Sermons

Summary: How do we treat those who are suffering? This sermon is trying to answer that question from the life and experience of Job.

Love does no harm

The three thematics that run through Job

1) Retributional Theology

2) Suffering is Divine Chastening – Job, God is going to teach you something important through this

3) Suffering is only temporary – Job you have lost perspective – in the end – everything will be ok.

A. Suffering is Divine Retribution: “Job, you must have done something wrong…”

4:7-8: you reap what you sow

“Think now, who that was innocent ever perished? Or where were the upright cut off?

As I have seen, those who plow iniquity and sow trouble reap the same….”

8:3-4: your children sinned

“Does God pervert justice? Or does the Almighty pervert the right?

If your children sinned against him, he delivered them into the power of their transgression.”

11:2-12: you may think you are righteous, but God’s judgements are above ours

“…Know then that God exacts of you less than your guilt deserves.”

22:5-11: you are obviously a great sinner!

“Is not your wickedness great? There is no end to your iniquities.

For you have exacted pledges from your family for no reason, and stripped the naked of their clothing.

You have given no water to the weary to drink, and you have withheld bread from the hungry.

The powerful possess the land, and the favoured live in it.

You have sent widows away empty-handed, and the arms of the orphans you have crushed.

Therefore snares are around you, and sudden terror overwhelms you….” (cf. 31:16-23)

B. Suffering is Divine Chastening: “Job, God is going to teach you something important from this…”

5:17-18: discipline is painful, but ultimately beneficial

“How happy is the one whom God reproves; therefore do not despise the discipline of the Almighty.

For he wounds, but he binds up; he strikes, but his hands heal.”

C. Suffering is Only Temporary: “Job, you’ve lost perspective—in the end, everything’s going to be all right…”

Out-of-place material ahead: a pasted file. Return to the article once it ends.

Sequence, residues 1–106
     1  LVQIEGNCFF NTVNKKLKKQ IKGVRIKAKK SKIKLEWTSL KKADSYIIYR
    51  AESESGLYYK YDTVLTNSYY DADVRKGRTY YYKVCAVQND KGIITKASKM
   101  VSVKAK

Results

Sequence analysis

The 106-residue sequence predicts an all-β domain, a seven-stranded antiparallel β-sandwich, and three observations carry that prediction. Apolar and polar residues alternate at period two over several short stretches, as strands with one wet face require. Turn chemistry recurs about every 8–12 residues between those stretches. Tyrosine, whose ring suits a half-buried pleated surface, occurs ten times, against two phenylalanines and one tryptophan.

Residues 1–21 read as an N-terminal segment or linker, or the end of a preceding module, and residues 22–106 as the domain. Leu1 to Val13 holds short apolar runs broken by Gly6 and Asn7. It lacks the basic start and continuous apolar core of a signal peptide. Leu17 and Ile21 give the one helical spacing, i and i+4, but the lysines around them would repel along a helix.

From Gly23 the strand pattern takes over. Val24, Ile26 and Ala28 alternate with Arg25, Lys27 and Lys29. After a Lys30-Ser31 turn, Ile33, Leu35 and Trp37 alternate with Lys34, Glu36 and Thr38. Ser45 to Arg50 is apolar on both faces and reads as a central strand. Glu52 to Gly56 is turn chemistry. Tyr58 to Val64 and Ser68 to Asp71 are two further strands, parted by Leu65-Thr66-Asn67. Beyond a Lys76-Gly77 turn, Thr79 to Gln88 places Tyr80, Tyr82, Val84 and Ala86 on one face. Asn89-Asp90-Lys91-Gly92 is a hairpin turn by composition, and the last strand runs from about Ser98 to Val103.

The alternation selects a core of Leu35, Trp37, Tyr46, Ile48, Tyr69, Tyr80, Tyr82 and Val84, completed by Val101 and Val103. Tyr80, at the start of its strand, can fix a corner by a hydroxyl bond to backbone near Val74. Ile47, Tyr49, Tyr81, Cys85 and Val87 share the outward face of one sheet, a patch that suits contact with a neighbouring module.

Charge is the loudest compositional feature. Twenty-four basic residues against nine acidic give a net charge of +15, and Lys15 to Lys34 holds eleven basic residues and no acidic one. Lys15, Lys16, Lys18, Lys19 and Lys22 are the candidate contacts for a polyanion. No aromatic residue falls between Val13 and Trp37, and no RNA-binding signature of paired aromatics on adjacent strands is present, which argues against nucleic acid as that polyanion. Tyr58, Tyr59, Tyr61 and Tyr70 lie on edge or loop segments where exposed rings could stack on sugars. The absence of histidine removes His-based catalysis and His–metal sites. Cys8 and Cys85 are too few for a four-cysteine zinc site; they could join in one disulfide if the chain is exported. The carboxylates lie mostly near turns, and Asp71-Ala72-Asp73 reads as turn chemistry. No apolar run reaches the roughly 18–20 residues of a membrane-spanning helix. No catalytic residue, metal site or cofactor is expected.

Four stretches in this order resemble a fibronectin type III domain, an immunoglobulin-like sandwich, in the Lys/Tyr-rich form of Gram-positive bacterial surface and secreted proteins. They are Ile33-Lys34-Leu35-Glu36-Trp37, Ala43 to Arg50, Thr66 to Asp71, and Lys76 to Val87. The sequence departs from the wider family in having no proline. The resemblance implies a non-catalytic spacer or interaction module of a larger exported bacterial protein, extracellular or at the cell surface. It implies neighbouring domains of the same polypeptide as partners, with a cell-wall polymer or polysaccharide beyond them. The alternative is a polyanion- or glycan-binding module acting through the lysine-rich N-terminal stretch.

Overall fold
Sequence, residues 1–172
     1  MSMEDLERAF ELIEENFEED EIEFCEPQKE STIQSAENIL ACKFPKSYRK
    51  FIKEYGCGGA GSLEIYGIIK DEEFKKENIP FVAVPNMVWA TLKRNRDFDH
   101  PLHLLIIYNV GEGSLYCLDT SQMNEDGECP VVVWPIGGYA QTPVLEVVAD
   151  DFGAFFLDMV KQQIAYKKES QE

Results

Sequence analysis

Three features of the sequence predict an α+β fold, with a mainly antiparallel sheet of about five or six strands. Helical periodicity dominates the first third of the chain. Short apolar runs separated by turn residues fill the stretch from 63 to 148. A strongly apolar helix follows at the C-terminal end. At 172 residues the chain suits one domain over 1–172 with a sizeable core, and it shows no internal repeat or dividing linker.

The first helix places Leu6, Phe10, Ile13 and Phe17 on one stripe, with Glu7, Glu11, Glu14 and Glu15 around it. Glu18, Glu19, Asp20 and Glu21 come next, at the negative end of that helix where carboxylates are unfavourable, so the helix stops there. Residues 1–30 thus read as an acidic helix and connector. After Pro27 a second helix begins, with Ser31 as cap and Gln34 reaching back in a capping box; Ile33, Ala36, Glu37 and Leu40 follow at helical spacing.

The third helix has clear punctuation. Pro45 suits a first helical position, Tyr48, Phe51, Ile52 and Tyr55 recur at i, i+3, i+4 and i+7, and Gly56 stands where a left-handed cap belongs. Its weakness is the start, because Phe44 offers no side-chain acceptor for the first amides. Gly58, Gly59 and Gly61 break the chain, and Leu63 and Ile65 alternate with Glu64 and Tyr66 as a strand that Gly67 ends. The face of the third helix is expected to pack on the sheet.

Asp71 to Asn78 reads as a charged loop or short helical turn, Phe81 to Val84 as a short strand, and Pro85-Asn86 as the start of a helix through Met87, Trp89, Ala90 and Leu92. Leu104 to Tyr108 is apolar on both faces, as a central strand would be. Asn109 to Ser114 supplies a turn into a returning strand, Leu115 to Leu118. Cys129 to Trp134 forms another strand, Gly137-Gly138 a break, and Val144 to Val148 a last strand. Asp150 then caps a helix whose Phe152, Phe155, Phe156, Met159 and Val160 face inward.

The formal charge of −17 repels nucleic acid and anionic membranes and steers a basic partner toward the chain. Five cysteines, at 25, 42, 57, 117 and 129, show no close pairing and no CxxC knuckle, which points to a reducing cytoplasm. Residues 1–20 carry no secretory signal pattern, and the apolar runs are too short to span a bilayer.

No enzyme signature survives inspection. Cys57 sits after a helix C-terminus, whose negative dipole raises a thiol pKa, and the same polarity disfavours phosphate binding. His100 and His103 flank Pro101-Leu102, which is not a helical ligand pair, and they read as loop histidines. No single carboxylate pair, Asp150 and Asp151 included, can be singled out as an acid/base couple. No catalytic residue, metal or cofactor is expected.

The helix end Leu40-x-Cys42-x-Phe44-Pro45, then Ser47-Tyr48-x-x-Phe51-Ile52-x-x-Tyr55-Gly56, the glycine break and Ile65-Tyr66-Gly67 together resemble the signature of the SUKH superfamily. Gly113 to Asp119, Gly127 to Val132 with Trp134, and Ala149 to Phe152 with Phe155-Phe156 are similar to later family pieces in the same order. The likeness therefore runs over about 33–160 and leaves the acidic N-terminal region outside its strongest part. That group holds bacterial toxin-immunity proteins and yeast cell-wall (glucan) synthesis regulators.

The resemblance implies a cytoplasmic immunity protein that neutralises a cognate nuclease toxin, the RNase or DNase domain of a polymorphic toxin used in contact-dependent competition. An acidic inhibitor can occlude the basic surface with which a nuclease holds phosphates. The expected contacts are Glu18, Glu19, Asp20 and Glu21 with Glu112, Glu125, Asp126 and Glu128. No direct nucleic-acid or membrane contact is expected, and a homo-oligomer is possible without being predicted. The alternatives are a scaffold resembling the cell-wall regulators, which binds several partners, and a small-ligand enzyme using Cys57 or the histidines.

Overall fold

8:8-10: Tradition offers the long view; in our short experience, we lose perspective.

“For inquire now of bygone generations, and consider what their ancestors have found;

for we are but of yesterday, and we know nothing, for our days on earth are but a shadow.

Will they not teach you and tell you and utter words out of their understanding?”

8:11-19: “Tough times never last, but tough people do!”

The text here is extremely difficult, but there is general agreement that Bildad offers a parable about plants that shows how ephemeral the wicked are; in some readings, this type of the wicked is followed by another of the righteous. Here are two recent translations reflecting the two different understandings, followed by an eloquent paraphrase from older scholarship taking the latter, “two plant” view:

“[Bildad] contrasts the life-history of two plants: One, a swamp rush, grows luxuriant in the mire and pools by the riverside; but with the advance of the season the water dries up and this erstwhile flourishing plant fails and ‘first of all verdure it withers’ (8:12). But, on the other hand, the desert herb grows in blighting heat and aridity, and still worse is a prey to camels’ teeth. It is eaten away so completely that not a trace is apparent. Yet from its root it grows again and from the ground it sprouts afresh (v.19). The first, he tells us, is the type of the wicked; the second, of the righteous. And disaster has overtaken both alike. The difference is in the sequel.” [W.A. Irwin, “An Examination of the Progress of Thought in the Dialogues of Job,” Journal of Religion 13 (1933): 152-3]

8:20-22: For the righteous, suffering is only temporary; “time heals all things.”

“See, God will not reject a blameless person, nor take the hand of evildoers.

He will yet fill your mouth with laughter, and your lips with shouts of joy.

Those who hate you will be clothed with shame, and the tent of the wicked will be no more.”

5:2: “Don’t envy the prosperity of the wicked—it’s short-lived.”

“Surely vexation kills the fool, and jealousy slays the simple.”

The Result

What did God think?

7 And so it was, after the Lord had spoken these words to Job, that the Lord said to Eliphaz the Temanite, “My wrath is aroused against you and your two friends, for you have not spoken of Me what is right, as My servant Job has. 8 Now therefore, take for yourselves seven bulls and seven rams, go to My servant Job, and offer up for yourselves a burnt offering; and My servant Job shall pray for you. For I will accept him, lest I deal with you according to your folly; because you have not spoken of Me what is right, as My servant Job has.”

What did Job think?

Job speaks of his friends in Job 6:14-17, 21

14“One should be kind to a fainting friend, but you have accused me without the slightest fear of the Almighty. 15 My brother, you have proved as unreliable as a seasonal brook that overflows its banks in the spring 16 when it is swollen with ice and melting snow. 17 But when the hot weather arrives, the water disappears. The brook vanishes in the heat.

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